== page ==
Digital Agenda for Europe
A Europe 2020 Initiative

Response from the Danish Government to the online consultation on Internet governance

Discussion

Denmark appreciates the opportunity to set forth our views on the future of Internet governance at this critical juncture in Internet governance history.  The growing demand for legitimate and sustainable solutions to the current and future challenges of Internet governance makes the status quo fragile and necessitates careful consideration and extensive multi-stakeholder dialogue before commitment to common approaches are made.

 

Denmark strongly believes in a free and open Internet governed on the basis of a multi-stakeholder model. In our view, the active and equal involvement of civil society, the business community and governments in Internet governance has been key in the historic success of the Internet and is therefore key to the future success of the Internet as well.

 

The current multi-stakeholder set-up and mechanisms can certainly be improved to be even more inclusive, transparent and accountable to the benefit of all Internet stakeholders. Denmark therefore welcomes the main principles set forth in the Montevideo Statement on the Future of Internet Cooperation[1], in particular an accelerated internationalisation and globalization of ICANN and the IANA functions, while continuing to ensure a stable and secure management of Internet resources. We believe that a new framework for ICANN and IANA must be discussed in an open process with global stakeholders.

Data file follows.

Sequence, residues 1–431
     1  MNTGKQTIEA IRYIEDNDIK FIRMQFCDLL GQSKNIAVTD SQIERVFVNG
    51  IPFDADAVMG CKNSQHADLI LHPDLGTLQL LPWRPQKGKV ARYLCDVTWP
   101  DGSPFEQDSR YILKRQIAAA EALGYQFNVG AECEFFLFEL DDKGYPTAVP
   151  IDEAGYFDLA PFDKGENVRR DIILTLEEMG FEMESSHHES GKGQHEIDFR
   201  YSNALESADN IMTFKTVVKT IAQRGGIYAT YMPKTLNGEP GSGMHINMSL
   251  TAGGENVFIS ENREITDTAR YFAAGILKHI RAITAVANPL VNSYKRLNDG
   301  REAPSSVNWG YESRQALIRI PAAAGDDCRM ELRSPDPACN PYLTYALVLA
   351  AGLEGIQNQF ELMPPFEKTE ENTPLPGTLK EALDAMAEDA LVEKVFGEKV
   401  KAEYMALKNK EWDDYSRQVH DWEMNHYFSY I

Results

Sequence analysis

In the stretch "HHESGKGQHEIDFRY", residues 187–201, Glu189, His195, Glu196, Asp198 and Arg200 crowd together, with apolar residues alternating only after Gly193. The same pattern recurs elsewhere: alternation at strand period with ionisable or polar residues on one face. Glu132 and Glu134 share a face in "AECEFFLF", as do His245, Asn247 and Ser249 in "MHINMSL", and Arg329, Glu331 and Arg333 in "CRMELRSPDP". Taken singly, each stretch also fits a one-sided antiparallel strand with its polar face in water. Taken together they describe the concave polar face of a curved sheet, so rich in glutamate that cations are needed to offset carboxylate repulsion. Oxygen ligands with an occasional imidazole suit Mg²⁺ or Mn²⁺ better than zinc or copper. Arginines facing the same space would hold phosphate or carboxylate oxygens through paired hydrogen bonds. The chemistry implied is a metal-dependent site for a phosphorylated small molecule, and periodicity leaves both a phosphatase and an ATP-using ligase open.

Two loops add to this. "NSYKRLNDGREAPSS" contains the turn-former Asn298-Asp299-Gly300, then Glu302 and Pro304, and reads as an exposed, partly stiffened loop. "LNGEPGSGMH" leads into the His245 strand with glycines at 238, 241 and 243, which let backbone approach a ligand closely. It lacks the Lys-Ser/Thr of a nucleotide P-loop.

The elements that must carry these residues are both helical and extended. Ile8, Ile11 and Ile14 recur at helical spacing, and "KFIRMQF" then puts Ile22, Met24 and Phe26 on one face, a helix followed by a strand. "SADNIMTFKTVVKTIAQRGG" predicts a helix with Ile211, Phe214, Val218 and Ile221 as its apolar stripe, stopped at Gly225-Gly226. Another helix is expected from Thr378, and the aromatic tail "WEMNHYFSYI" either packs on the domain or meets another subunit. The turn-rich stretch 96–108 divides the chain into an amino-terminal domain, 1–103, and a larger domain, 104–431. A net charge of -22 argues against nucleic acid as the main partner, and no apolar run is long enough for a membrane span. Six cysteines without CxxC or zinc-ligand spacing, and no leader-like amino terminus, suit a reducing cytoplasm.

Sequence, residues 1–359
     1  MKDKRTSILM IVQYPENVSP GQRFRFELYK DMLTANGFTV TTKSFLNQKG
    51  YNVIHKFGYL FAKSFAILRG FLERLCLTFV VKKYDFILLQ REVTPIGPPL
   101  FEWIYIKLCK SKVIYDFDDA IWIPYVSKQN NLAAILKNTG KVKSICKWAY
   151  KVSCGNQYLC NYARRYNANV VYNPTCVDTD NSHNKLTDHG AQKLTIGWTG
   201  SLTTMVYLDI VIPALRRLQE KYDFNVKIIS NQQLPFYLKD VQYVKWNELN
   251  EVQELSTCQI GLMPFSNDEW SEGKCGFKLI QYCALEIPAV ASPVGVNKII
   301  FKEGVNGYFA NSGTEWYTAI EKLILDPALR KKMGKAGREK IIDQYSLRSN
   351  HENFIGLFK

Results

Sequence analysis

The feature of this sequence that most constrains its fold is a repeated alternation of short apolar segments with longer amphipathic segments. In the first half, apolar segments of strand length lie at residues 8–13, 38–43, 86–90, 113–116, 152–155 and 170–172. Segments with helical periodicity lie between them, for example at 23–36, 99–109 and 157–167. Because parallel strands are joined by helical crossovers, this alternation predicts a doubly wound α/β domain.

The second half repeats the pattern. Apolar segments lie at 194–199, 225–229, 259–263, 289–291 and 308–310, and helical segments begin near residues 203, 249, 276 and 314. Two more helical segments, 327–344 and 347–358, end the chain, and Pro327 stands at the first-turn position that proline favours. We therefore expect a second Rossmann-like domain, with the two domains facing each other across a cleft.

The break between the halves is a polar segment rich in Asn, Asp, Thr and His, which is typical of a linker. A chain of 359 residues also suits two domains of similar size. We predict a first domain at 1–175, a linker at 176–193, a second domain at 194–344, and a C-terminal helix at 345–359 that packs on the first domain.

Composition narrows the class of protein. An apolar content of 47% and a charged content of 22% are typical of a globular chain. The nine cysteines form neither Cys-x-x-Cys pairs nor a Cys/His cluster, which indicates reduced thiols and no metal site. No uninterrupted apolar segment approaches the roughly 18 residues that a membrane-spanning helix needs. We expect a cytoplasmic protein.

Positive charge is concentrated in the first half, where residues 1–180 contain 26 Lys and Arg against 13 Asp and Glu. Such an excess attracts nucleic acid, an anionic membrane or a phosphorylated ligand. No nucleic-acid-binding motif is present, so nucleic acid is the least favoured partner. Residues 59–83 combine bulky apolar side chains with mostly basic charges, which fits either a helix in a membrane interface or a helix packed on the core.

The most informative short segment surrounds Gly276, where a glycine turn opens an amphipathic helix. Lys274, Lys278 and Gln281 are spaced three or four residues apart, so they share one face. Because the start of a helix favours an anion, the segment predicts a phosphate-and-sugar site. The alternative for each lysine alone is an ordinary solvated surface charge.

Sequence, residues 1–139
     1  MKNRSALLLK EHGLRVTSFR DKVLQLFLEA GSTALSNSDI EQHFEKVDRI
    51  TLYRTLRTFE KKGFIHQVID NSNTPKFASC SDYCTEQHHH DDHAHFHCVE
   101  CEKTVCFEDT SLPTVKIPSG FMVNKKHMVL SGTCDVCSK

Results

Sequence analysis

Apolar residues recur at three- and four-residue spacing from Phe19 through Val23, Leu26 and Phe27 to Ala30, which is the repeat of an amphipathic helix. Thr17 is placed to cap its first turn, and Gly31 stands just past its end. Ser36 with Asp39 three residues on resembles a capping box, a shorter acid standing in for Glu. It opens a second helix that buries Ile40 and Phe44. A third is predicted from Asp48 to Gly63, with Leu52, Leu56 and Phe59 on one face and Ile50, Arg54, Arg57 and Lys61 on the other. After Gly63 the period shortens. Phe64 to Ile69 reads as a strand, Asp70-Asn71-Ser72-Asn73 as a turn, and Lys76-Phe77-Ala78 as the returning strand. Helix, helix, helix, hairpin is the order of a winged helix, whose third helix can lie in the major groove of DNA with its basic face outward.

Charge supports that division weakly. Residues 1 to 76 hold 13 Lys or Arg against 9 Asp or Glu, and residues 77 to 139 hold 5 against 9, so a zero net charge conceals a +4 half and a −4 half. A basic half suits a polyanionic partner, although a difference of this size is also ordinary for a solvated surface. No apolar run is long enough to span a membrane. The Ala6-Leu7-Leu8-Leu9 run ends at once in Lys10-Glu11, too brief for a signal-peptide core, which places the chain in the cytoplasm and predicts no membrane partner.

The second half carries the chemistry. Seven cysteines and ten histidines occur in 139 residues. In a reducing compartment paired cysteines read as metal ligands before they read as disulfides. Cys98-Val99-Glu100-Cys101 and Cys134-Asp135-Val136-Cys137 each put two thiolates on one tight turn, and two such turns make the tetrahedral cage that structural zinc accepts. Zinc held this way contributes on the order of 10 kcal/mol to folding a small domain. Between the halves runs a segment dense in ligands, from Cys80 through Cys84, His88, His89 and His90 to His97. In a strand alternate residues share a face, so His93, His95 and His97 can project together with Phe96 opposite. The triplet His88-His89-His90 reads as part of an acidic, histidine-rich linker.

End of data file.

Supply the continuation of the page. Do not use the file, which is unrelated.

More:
Denmark also views the increased participation by developing countries in multi-stakeholder fora and decisions as an important step towards a better functioning and more balanced model of Internet governance, and therefore welcomes the Commission’s Global Internet Policy Observatory (GIPO) initiative as a useful tool in achieving this objective.

 

Trust is one of the key conditions for a well functioning and ever growing Internet. In the current crisis of confidence, where Internet users question their governments’ ability to safeguard basic rights and online privacy, it is important not to take premature actions or regulatory measures. This could risk harming and fragmenting the global and open Internet as an engine for growth, development and innovation.

 

Denmark supports the OECD Council Recommendation on Principles for Internet Policy Making as a good basis for further multi-stakeholder discussions on a global principle-based framework.

 

Denmark is looking forward to the Commission’s announced communication on Internet governance and to participating in the further discussions on this important subject.

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Cristina MARTINEZ GONZALEZ European Commission DG CONNECT/02 Head of Sector 'Integration of Regulation, Policy and Research"
Vessela KARLOUKOVSKA European Commission, DG CONNECT Stakeholders Unit Policy officer
Prabhat AGARWAL European Commission DG CONNECT Policy Officer
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